Bangladesh minorities accuse govt of breaking promises


Ahead of next year’s general election in Bangladesh, an interfaith forum has accused the ruling Awami League of failing to implement its past election promises to protect religious minorities in the Muslim-majority nation.


Attacks on houses, shrines and businesses belonging to minorities, land grabbing, abduction and rape of girls, forced conversions and verbal threats have become a daily occurrence, leaders of the Bangladesh Hindu-Buddhist-Christian Unity Council (BHBCUC) said at a press conference at the National Press Club in Dhaka on March 22.


“No matter what the government says about the security of minorities, no visible initiative is being taken sincerely by the ruling party or the government,” the group's secretary Rana Dasgupta said.

The national election will be held at the end of December 2023. The Awami League won the 2014 national election unilaterally, while the main opposition Bangladesh Nationalist Party (BNP) did not take part.


In 2018, another election was held under the Awami League government. This time the BNP participated but the Awami League again took power. However, there were widespread reports of vote rigging.


The ruling party made several promises to protect minorities before the 2018 polls, including enactment of the Minority Protection Act, formation of the National Minorities Commission, enactment of the Inequality Abolition Act, implementation of the Chittagong Hill Tracts Peace Accord and the setting up of an independent commission for plain land indigenous people.

“Needless to say, the current ruling party has completely failed to deliver on its promises to our minorities,” said Nim Chandra Bhowmik, one of the three presidents of the BHBCUC.


“The promises they made were our demands. As long as they do not meet our demands, we will continue our movement on the streets with the minority community and civil society,” Bhowmik told UCA News.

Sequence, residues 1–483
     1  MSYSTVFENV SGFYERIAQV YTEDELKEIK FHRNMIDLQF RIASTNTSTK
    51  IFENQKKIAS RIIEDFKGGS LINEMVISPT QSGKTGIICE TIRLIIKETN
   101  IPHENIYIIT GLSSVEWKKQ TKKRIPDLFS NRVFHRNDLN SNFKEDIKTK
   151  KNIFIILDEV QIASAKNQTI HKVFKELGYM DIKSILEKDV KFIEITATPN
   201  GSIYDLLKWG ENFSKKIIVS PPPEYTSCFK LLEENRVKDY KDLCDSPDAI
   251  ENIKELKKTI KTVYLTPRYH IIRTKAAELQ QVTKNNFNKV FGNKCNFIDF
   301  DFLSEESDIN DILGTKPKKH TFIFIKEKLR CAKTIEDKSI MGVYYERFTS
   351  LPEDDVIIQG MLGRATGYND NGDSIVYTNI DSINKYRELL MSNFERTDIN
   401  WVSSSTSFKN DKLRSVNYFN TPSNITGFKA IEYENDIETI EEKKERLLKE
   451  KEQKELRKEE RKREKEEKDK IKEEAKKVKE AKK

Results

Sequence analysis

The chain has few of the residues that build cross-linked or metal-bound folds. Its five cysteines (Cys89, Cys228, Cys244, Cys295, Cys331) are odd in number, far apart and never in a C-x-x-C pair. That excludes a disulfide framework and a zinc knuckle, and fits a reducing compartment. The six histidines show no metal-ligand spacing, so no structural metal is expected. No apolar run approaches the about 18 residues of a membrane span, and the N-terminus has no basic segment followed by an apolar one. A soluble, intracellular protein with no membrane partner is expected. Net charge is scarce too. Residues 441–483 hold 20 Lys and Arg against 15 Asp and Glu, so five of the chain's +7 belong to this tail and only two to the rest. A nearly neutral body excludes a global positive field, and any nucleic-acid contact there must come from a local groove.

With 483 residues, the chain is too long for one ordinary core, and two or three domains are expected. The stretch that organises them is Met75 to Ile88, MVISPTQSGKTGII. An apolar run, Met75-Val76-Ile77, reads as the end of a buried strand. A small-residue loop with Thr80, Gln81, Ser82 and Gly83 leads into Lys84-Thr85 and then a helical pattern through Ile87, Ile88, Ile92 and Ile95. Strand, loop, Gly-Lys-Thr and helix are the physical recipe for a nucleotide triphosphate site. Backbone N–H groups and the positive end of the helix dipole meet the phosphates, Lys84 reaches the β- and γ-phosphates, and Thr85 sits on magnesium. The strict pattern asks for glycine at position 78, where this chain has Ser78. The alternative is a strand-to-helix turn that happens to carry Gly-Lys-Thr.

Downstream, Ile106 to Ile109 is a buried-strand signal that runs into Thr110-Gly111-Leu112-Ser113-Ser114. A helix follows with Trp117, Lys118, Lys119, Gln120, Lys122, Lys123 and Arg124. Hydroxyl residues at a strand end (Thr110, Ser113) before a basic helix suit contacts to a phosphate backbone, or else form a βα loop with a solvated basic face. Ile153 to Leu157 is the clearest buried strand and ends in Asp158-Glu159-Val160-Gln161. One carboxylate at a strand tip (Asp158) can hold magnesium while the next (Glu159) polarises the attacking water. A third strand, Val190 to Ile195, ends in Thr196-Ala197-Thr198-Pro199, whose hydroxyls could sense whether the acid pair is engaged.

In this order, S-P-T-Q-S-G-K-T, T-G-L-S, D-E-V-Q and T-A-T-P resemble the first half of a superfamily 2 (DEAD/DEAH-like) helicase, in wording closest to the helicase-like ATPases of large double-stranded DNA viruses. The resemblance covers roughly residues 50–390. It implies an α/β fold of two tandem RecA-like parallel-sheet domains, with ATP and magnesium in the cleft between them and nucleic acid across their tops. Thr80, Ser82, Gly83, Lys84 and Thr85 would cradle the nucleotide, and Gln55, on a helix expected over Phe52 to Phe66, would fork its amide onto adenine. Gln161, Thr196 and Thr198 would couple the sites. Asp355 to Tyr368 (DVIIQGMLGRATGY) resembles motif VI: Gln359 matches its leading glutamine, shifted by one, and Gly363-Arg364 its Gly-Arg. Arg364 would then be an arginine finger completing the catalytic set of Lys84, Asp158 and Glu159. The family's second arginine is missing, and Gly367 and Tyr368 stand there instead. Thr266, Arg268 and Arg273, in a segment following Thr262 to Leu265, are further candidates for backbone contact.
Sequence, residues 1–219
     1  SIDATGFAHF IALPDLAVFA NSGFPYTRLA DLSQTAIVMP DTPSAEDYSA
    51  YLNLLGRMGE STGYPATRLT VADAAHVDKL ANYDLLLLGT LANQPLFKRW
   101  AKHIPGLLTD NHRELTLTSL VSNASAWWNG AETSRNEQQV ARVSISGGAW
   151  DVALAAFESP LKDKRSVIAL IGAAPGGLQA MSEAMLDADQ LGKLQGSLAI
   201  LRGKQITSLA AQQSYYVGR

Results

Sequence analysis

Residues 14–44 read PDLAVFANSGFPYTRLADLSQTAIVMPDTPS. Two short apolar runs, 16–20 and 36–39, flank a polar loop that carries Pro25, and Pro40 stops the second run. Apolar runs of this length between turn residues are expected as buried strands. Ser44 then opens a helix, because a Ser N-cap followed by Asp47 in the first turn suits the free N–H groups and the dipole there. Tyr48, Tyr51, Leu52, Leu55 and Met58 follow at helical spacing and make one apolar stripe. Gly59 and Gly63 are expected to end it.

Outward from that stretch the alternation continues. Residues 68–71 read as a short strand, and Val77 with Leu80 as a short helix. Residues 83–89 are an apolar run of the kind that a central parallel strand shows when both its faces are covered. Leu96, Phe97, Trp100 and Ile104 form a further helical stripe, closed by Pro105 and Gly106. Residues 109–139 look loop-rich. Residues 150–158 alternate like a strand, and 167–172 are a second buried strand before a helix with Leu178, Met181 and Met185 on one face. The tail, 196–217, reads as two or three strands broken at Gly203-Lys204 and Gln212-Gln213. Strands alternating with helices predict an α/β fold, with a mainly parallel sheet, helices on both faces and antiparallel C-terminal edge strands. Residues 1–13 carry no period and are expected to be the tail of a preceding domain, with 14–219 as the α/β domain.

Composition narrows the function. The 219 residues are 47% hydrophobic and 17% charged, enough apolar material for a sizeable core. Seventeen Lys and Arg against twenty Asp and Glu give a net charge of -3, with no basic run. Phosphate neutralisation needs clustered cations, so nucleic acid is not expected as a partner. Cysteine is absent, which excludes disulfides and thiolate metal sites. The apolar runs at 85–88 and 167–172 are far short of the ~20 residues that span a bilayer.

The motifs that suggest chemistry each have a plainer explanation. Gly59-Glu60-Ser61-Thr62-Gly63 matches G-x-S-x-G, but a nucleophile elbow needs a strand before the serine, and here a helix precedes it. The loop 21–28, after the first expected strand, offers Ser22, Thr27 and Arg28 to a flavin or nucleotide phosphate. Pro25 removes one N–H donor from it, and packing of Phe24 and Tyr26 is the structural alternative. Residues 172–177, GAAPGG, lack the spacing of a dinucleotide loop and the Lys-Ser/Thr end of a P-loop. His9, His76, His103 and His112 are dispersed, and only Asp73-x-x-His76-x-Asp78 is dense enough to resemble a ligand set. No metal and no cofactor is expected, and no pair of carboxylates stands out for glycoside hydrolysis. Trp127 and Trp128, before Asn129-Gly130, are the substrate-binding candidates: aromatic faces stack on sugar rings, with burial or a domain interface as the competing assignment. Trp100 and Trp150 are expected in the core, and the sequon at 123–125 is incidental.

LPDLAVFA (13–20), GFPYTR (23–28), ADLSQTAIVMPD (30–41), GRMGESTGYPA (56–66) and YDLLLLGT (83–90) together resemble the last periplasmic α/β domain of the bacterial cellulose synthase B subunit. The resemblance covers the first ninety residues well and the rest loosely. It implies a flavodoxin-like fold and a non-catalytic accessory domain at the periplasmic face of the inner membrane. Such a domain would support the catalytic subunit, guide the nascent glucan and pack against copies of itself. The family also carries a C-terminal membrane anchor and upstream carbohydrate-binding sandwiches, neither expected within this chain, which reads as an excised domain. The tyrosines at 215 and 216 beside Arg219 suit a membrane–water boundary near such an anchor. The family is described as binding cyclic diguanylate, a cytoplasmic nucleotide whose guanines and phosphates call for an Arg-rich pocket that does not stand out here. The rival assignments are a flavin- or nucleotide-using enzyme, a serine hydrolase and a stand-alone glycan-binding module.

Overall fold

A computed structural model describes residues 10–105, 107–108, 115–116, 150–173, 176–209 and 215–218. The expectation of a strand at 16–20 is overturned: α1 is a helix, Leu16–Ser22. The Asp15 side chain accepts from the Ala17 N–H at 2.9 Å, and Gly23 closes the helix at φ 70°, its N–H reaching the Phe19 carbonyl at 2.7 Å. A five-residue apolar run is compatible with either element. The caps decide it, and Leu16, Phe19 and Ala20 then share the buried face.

According to the BHBCUC, 2021 was a year of concern for religious minorities. There were incidents of vandalism and arson of 204 idols and temples of the Hindu community. In addition, 184 houses and 50 businesses were attacked and vandalized. Three members of the Hindu community were killed and at least 300 were injured in attacks. In addition, a house belonging to the Buddhist community was vandalized.


“Over 3,600 attacks on religious minorities took place between 2013 and 2021. These attacks included the vandalism and arson of 559 houses and at least 1,678 temples, idols and places of worship,” said Bhowmik.


Despite the persecution of minorities, Bhowmik feels that the ruling party has some good policies and the council will wait until the election to decide who to support.


“As a religious minority, we fully support the demands of the BHBCUC,” said Hemanta Corraya, general secretary of the Bangladesh Christian Association.


“We, the Christian community in Bangladesh, are very small, so it is not possible for us to implement any demand. In this situation, we along with other minority communities want to put pressure on the government to meet our demands,” Corraya, a Catholic, told UCA News.


About 90 percent of more than 160 million people in Bangladesh are Muslim, about 8 percent are Hindu and the rest belong to other faiths including Buddhism and Christianity.